EUROPE: by Joseph PoprzecznyNews Weekly
Germany backs Russia against Georgia, Ukraine
, October 25, 2008
Chancellor Angela Merkel has signalled that Germany doesn't intend to be a bit-player between Western ambitions and Russian power. Joseph Poprzeczny reports.German Chancellor Angela Merkel's September St Petersburg meeting with Russian President Dmitry Medvedev has spelt the end for Ukrainian and Georgian hopes of joining NATO.
At a joint press conference on October 2, she said that Germany opposed them gaining membership and this question was now a closed book, precisely what Medvedev and his predecessor and paramount patron, Russian prime minister, Vladimir Putin, wanted.
Why did Merkel - once touted as capable of filling British Prime Minister Margaret Thatcher's shoes - yield so easily and so soon after Moscow's invasion of northern Georgia?
Why has Merkel so closely followed her predecessor Social Democrat Chancellor Gerhard Schroeder's path? (Schroeder is now chairman of the North Europe Gas Pipeline which is 51 per cent owned by Russia's natural gas conglomerate Gazprom
Dr George Friedman, of the Texas-based Strategic Forecasting, Inc. (Stratfor
), has pointed out that Germany remains heavily dependent on Russian natural gas.
He said: "If the supply were cut off, Germany's situation would be desperate - or at least close enough that the distinction would be academic. Russia might decide it could not afford to cut off natural gas exports, but Merkel is dealing with a fundamental German interest, and risking that for Ukrainian or Georgian membership in NATO is not something she is prepared to do.
"She can't bank on Russian caution in a matter such as this, particularly when the Russians seem to be in an incautious mood. Germany is, of course, looking to alternative sources of energy for the future, and in five years its dependence on Russia might not be nearly as significant. But five years is a long time to hold your breath and Germany can't do it."
That having been said, Friedman doesn't see gas as offering the full explanation. Critically, he said, NATO is weak, "an entity that issues proclamations, not a functioning military alliance, in spite of (or perhaps because of) deployments in Afghanistan". Merkel, he said, had acted in full-knowledge of the American view on the desirability of NATO being expanded.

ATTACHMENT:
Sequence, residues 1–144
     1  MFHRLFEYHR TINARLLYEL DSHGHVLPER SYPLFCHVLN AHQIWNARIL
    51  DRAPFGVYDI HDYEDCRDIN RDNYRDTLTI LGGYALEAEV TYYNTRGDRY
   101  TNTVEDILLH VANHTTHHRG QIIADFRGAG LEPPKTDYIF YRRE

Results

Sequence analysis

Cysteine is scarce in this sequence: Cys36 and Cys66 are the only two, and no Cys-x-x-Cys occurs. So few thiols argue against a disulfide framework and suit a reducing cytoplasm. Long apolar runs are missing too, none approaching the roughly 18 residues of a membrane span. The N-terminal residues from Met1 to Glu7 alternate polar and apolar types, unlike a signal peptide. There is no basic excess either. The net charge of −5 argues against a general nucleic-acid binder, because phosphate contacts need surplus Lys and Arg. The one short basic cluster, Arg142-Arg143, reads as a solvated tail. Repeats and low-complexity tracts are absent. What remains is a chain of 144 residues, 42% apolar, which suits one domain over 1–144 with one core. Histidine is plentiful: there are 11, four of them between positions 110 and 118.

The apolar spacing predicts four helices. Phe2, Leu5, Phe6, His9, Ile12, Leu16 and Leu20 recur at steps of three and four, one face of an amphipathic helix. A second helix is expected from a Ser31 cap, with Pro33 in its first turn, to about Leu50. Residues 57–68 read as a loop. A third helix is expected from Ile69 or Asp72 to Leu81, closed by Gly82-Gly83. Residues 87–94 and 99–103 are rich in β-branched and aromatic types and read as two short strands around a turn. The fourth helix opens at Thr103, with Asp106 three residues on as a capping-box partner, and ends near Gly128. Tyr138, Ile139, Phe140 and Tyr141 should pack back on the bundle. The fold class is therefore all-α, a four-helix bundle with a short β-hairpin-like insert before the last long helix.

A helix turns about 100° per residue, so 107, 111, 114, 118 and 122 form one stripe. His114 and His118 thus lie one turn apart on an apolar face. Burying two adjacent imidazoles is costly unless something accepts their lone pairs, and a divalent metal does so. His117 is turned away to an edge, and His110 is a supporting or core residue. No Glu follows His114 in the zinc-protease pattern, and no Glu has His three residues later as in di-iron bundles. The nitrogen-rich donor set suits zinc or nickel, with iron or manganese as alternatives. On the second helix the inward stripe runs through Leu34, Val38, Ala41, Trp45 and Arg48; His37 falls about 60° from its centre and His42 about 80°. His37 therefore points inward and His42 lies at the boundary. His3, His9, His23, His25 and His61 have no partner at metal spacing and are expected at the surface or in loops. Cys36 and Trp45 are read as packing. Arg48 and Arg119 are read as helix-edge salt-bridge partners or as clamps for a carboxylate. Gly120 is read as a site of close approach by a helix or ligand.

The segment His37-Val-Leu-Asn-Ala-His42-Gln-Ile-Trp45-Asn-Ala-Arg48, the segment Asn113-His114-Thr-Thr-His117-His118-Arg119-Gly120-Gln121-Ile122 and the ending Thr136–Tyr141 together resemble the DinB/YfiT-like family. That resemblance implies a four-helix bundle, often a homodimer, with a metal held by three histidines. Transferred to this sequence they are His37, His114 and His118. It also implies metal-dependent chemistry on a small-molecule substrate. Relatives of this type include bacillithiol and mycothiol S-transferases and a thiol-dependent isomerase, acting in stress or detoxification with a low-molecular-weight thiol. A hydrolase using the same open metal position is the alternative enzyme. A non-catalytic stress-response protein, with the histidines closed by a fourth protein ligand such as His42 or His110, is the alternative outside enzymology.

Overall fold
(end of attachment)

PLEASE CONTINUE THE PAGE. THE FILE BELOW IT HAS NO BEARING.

Friedman added: "It should be remembered that Merkel might be the most pro-American politician in Germany, and perhaps its most pro-American chancellor in years. Moreover, as an East German, she has a deep unease about the Russians. Reality, however, overrode her personal inclinations. More than other countries, Germany does not want to alienate the United States. But it is in a position to face American pressure should any come."
He said that Merkel's St Petersburg pronouncement signalled to both Russia and the West that Germany doesn't intend being a bit-player between Western ambitions and Russian power.
According to another expert, Rutgers University political scientist, Alexander Motyl, although Germany's gas needs were crucial, this dependence doesn't fully explain Merkel's pull-back.
Modern German history has shown that Berlin has repeatedly sought either alignment or accommodation with Russia. According to Motyl, Merkel's decision is in line with a tradition dating back to the great unifier of Germany, the Iron Chancellor Otto von Bismarck.
Motyl said: "After all, the Eastern Europeans most critical of Russia - such as Poland and the Baltic states - are far more dependent on Russian gas than Germany. Lucrative pipeline deals and other commercial ties also don't do the trick: economic logic should dictate a closer alliance with the United States, Germany's largest trading partner; but instead German policy-makers are frequently more anti-American in their rhetoric and policy than anti-Russian.
"Germany has consistently preferred authoritarian Russia to its democratic non-Russian neighbours....
"In 1922, Weimar Germany signed the Treaty of Rapallo with Soviet Russia, thereby paving the way for extensive economic and military cooperation that isolated, and helped destabilise, the fledgling states of East Central Europe. In 1939, the Molotov-Ribbentrop Pact led to the division of Poland by Hitler and Stalin.
"Throughout the 1970s and 1980s, Germany willingly accepted Soviet hegemony in the satellite states (and even snubbed the Solidarity movement
), in exchange for rapprochement with East Germany. The Schroeder-Putin pipeline deal of late 2005 and Merkel's endorsement of the logic of Putin's opposition to Ukraine's and Georgia's integration into Euro-Atlantic structures continue this pattern.
"In all five instances, radically different German regimes consistently pursued the same foreign policy goal.
Whether unstable and democratic as in 1922, powerful and totalitarian as in 1939, stable and democratic as during the Cold War, or powerful and democratic as today - German elites, whether Christian Democrats, Social Democrats, or Nazis, forged alliances with an authoritarian Russia at the expense of their democratic neighbours in Eastern Europe.
"This over-arching vision of Germany's interests is unabashedly geo-political, pointing to a possible reassertion in today's Germany of the Realpolitik political culture that dominated German foreign policy after unification in 1871 and that produced the disaster of the two world wars."- Joseph Poprzeczny is a Perth-based freelance journalist.
George Friedman, "The German question", Stratfor
(Strategic Forecasting, Inc., Austin, Texas), October 6, 2008. URL: www.stratfor.com/weekly/20081006_german_question
Alexander Motyl, "Can Europe survive Germany?", New Atlanticist
(Atlantic Council of the United States, Washington DC), October 2, 2008. URL: www.acus.org/new_atlanticist/can-europe-survive-germany